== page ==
Pivot Table vs Power Pivot

Pivot Table vs Power PivotHere is a quick listing of the key differences from a usage point of view.

It will help you choose the right type based upon the analytical objectives.



Pivot Table

Power Pivot Table

1 million row limit No upper limit. Much larger data can be handled on the same PC
Many Vlookup columns required to decode Codes into Descriptions. No Vlookup required. Use Relationships to connect two tables.
Grouping possible on Dates, Numbers and Text Grouping not possible. Separate approaches required for Data Grouping depending upon the data type.
Custom Date Grouping not possible Any kind of customization of date and time related grouping possible using the Date Table.
Data from only one source can be used. Data from multiple sources can be combined to create the Power Pivot
Only one table and its columns available for analysis All related tables and their columns  in the Data Model are available
Very slow performance with large data Very fast performance even with large data
Requires you to split large data, create multiple Pivots and struggle to combine the results Large data can be analyzed in a single step, eliminating the wastage of time completely
Calculated columns have limitations Calculated columns can use the full functionality of DAX
Calculated fields and Items have limitations Calculated Fields / Measures are extremely powerful and flexible using DAX functions
Often, we need to use the Pivot as an interim step and use references to data area cells in a manually created report. Usually, much more powerful reports can be created with manual referencing outside the Power Pivot using DAX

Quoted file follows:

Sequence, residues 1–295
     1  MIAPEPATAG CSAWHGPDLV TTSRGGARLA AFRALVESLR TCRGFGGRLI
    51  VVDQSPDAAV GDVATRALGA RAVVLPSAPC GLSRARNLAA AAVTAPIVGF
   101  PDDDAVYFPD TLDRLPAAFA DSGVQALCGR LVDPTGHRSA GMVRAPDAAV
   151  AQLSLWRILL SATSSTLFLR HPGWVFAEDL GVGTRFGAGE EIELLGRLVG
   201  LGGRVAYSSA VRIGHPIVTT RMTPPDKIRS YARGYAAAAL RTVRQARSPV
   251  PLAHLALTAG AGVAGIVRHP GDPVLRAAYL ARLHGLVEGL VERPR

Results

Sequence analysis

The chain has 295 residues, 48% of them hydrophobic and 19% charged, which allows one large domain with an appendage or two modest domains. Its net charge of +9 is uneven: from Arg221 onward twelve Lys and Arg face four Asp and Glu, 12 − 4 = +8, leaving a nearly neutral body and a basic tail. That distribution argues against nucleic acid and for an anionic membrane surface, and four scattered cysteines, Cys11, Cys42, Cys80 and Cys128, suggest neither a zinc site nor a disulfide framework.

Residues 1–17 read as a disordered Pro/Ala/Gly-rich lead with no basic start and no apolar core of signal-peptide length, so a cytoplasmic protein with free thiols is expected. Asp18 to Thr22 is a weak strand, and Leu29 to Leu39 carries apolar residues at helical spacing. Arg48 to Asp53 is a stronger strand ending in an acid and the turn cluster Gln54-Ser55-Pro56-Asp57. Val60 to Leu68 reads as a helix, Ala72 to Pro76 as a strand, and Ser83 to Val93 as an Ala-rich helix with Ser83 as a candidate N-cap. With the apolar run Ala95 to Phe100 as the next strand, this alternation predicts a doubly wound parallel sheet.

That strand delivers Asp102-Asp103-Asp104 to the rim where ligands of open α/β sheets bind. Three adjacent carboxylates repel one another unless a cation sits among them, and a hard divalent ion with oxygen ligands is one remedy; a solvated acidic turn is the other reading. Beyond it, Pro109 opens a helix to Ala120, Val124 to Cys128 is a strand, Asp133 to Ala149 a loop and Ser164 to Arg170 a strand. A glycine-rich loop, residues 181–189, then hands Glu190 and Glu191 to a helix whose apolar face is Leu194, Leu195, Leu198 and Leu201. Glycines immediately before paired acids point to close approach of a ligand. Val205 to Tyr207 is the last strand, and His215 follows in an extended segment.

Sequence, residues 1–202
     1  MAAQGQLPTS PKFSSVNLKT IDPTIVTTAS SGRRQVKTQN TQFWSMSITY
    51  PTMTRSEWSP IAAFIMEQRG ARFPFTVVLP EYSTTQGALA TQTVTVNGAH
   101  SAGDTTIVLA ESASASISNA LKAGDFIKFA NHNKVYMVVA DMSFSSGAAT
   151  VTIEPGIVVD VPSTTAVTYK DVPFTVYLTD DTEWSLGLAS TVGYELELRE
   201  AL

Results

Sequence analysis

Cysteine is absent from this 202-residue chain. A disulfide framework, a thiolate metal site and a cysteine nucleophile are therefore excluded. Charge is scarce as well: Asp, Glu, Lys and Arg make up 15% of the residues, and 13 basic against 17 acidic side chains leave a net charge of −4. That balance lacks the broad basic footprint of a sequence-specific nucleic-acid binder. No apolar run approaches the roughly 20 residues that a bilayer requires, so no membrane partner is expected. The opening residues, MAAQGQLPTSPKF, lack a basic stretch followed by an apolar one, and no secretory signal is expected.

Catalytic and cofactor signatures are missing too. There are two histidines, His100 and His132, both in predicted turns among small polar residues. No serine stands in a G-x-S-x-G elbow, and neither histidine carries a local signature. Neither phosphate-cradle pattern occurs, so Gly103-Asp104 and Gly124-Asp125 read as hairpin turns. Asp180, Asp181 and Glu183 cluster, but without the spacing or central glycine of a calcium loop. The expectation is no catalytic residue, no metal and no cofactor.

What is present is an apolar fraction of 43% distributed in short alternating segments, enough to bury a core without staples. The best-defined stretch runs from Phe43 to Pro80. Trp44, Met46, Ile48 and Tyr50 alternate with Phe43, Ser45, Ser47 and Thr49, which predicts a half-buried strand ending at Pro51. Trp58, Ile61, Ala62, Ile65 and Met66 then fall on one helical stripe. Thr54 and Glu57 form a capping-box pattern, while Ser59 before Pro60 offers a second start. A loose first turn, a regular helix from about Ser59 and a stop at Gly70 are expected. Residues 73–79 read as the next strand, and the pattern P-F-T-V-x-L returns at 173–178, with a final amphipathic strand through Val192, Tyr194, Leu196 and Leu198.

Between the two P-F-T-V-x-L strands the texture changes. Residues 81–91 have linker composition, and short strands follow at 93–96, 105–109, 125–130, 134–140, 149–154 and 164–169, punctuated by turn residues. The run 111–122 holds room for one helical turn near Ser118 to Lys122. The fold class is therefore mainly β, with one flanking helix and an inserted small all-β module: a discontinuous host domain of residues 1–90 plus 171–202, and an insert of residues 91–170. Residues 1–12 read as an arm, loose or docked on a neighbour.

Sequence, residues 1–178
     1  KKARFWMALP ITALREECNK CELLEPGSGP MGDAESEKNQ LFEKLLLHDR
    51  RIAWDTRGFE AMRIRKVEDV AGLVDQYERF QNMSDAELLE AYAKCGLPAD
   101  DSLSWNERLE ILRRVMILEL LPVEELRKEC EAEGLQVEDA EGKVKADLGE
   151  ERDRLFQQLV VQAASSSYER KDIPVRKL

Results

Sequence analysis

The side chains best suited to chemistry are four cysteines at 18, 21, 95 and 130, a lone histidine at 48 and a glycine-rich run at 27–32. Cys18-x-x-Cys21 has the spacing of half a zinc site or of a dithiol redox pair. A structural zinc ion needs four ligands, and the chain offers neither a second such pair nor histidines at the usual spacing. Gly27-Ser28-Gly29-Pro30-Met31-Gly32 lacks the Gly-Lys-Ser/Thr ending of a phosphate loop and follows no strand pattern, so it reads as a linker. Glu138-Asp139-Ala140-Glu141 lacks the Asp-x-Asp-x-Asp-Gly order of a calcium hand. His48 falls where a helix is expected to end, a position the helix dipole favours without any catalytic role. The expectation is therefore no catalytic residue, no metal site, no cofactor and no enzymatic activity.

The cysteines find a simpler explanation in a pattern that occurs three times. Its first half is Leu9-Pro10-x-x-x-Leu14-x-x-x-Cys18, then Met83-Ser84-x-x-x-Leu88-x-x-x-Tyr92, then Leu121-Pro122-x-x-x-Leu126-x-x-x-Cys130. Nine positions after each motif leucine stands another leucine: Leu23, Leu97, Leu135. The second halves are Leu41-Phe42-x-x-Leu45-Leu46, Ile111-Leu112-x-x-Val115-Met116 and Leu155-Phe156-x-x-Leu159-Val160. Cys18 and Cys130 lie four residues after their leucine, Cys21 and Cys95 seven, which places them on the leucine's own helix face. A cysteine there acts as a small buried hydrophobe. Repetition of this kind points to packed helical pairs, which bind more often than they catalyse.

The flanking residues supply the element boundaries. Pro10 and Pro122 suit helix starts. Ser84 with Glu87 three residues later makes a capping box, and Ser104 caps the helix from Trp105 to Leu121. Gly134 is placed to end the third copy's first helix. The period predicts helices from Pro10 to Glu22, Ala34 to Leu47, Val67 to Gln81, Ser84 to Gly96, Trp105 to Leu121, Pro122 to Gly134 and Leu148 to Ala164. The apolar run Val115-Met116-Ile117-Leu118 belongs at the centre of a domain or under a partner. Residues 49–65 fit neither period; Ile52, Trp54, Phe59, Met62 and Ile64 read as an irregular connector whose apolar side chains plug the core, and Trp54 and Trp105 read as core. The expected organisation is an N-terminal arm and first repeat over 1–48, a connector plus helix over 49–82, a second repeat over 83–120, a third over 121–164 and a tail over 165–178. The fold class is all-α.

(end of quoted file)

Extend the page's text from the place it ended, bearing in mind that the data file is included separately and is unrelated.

Pivot Table cannot be split into individual cells without losing its analytical capability and linkage to source data. (This is just a paste special – values operation) Power Pivot can be exploded into formulas so that each cell can be moved as required. It still retains linkage with source data and a refresh is possible at all times.
Image URLs cannot be used Image URLs can be used to identify columns to be used for pictures. These are used in Power View and Power BI Desktop for creating visually appealing reports
All columns are Visible Unwanted, redundent or ambiguous columns can be hidden from Pivot, Power View, Power Map and Power BI to simplify analytical manipulation
KPIs are not supported KPIs can be created using the Power Pivot Data Model
Summary option is decided by data type and data consistency. By default numeric columns use SUM, non-numeric use COUNT. If numeric column has blanks or text, default option is COUNT. Summary option can be set as default for each column (field).
Sorting is in either natural order or custom list. Sorting order can be specified based upon another column in the table.

Which one to use when?

If you have large amount of data with slow performing Excel files, you need Power Pivot.

If you rely on getting data from multiple sources and combine them into a single table before creating a Pivot Table, you also need Power Pivot. This is true even if your data is not very large.

If you rely on too many vlookup based columns, you need to use Power Pivot Data Model and create relationships bwetween tables.

If you have data which needs special calculations, aggregations, custom date / time intervals or specific treatment based upon complex business requirements, you most certainly need Power Pivot.

If none of these conditionas apply, then regular Pivot Table is a good start.

In any case, I recommend using BOTH in a given situation. In fact, you should try the traditional Pivot Table, Power Pivot, Power View, Power Map, and natural language query, with different types of Conditional Formatting with EVERY type of data you get.

It may sound like an overkill, but I am not suggesting that you do exactly the SAME analysis using different tools. Each tool is capable of doing something unique and useful. Add up all those things and you get unbelievable amount of useful information which you can act upon to manage whatever you do in a much better manner. That concept, incidentally, is called Business Intelligence.


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